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Alheira (Portuguese pronunciation: [ɐˈʎɐjɾɐ]) is a Portuguese sausage made with many meats other than pork, usually veal, duck, chicken or rabbit, and bread.

It was invented by the Jews of Portugal, who were forced to convert to Christianity, as a way to deceive the Portuguese Inquisition. As the Jews weren't allowed by their religion to eat pork meat, they were very easily identifiable by the fact that they didn't prepare and smoke the common pork sausages in the smokehouses (fumeiros in Portuguese). They, therefore, replaced pork with a large variety of other meats, such as poultry and game, which would then be mixed with a bread dough for consistency. This recipe would spread amongst Christians, although they added the ever-present pork to it.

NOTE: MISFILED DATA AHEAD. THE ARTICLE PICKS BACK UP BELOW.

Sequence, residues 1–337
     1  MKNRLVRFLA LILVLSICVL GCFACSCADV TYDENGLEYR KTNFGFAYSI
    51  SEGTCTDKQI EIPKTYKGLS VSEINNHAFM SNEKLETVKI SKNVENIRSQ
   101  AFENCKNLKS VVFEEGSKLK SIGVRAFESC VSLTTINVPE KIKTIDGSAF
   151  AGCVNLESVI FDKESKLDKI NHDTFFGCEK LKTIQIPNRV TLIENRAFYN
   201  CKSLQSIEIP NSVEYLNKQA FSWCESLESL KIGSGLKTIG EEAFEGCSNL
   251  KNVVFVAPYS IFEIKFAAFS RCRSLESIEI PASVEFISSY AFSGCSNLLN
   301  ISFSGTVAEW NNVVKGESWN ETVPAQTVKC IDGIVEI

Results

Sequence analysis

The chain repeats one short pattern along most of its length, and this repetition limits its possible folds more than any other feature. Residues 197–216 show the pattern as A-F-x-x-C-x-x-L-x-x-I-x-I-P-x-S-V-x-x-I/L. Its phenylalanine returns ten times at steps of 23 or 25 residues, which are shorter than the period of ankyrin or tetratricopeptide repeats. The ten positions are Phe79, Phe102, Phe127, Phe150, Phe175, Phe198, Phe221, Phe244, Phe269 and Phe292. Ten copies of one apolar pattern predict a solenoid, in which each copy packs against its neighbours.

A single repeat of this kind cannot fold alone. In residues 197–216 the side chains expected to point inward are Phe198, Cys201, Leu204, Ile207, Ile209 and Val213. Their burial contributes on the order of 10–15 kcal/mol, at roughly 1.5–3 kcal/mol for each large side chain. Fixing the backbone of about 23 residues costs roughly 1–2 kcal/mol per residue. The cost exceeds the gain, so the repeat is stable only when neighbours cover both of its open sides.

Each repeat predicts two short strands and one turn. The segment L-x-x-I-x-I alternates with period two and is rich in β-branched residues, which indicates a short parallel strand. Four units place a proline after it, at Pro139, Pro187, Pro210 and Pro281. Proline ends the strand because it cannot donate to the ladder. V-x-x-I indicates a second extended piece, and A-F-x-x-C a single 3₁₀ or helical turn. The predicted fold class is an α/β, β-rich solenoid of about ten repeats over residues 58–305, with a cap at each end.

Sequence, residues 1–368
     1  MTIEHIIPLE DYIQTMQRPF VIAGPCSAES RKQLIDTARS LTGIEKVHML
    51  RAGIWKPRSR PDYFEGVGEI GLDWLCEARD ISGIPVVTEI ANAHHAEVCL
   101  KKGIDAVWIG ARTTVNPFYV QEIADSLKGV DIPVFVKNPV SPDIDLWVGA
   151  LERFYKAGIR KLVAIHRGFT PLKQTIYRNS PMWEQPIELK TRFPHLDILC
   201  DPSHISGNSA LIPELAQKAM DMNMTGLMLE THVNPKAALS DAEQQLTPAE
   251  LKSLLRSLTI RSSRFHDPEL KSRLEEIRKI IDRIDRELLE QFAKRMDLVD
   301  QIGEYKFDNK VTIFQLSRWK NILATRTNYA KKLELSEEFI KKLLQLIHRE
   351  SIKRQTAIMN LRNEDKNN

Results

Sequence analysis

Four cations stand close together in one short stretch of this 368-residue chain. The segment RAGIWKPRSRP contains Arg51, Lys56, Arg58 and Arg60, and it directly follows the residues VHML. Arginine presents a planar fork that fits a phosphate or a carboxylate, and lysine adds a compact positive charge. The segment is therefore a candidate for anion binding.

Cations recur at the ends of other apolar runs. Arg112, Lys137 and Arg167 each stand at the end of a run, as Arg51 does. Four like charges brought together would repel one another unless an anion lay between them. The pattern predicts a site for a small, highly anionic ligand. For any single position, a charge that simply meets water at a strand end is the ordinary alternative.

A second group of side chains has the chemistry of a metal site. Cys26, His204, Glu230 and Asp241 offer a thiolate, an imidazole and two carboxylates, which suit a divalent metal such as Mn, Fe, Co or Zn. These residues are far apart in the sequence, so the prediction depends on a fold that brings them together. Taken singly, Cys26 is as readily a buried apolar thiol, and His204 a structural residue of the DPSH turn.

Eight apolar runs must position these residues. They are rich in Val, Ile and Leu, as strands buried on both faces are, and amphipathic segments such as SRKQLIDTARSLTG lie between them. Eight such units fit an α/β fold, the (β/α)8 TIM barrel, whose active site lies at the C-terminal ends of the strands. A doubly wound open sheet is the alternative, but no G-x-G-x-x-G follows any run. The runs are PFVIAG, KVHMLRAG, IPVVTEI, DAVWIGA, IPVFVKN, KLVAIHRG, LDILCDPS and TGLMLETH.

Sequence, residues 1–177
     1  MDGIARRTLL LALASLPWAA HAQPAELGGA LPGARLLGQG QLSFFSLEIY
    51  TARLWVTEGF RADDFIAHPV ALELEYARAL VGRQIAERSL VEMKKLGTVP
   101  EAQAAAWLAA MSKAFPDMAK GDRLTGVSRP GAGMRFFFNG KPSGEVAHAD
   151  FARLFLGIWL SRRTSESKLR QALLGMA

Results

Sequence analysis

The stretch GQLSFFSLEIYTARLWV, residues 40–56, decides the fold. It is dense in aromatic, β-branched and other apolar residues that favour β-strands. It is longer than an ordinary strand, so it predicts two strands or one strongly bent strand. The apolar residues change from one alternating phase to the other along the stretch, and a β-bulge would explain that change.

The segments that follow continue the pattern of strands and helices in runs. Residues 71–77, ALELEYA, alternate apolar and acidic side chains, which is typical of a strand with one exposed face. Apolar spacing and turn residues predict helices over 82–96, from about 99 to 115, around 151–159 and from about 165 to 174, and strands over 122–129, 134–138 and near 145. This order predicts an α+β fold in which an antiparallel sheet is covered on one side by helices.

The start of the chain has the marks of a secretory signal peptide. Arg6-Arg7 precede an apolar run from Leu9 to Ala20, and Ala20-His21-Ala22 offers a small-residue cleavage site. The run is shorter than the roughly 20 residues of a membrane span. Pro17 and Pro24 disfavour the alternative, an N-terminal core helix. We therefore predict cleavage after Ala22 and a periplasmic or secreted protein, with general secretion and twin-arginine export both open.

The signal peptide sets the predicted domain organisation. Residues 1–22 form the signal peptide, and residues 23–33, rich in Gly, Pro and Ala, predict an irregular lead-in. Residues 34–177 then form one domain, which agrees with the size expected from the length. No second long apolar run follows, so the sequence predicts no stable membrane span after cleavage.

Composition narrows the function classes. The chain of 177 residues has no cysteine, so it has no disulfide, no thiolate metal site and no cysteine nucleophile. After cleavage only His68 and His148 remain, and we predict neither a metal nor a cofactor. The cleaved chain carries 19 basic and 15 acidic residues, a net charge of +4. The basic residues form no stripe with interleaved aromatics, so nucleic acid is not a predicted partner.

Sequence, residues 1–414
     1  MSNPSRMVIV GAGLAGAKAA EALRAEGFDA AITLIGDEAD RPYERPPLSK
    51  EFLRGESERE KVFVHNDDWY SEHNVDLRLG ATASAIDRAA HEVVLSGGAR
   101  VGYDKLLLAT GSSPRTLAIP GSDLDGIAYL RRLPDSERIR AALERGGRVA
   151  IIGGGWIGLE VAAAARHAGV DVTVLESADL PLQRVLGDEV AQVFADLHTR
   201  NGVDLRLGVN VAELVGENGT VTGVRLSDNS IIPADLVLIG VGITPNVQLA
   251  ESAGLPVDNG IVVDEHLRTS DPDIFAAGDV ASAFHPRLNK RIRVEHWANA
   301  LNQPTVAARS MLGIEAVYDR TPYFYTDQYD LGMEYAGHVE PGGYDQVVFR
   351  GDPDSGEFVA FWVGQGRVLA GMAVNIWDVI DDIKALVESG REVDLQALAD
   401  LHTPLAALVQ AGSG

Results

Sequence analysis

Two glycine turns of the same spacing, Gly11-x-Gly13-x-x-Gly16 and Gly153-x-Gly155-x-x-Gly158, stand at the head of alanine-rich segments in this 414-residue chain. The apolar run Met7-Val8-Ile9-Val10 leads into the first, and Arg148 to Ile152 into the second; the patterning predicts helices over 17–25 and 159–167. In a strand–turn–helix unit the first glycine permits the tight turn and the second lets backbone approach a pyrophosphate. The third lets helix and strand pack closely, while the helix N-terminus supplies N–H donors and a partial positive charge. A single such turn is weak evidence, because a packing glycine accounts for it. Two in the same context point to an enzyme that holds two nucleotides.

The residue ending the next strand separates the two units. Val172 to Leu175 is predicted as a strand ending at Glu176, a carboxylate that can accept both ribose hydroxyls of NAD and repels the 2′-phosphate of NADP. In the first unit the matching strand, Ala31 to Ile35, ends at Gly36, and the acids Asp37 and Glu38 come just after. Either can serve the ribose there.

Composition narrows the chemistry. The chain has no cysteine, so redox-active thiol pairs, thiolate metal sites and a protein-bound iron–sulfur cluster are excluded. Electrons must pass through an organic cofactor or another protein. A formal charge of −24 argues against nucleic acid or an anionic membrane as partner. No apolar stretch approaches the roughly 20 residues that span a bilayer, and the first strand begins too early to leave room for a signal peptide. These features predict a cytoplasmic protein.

Alheiras are traditionally grilled or roasted and served with boiled vegetables. Cooked in this way it retains much of the aroma and taste. Nowadays, however, it became popular in its fast-food version, fried in olive oil, with chips and fried eggs. They are usually the cheapest choice on the menu and only those made of game are expensive.

Nowadays, the most renowned alheiras are those from Mirandela, although throughout Beira Alta and Trás-os-Montes the traditional alheiras are also renowned.

Varieties with PGI protection status include Alheira de Vinhais and Alheira de Barroso-Montalegre.

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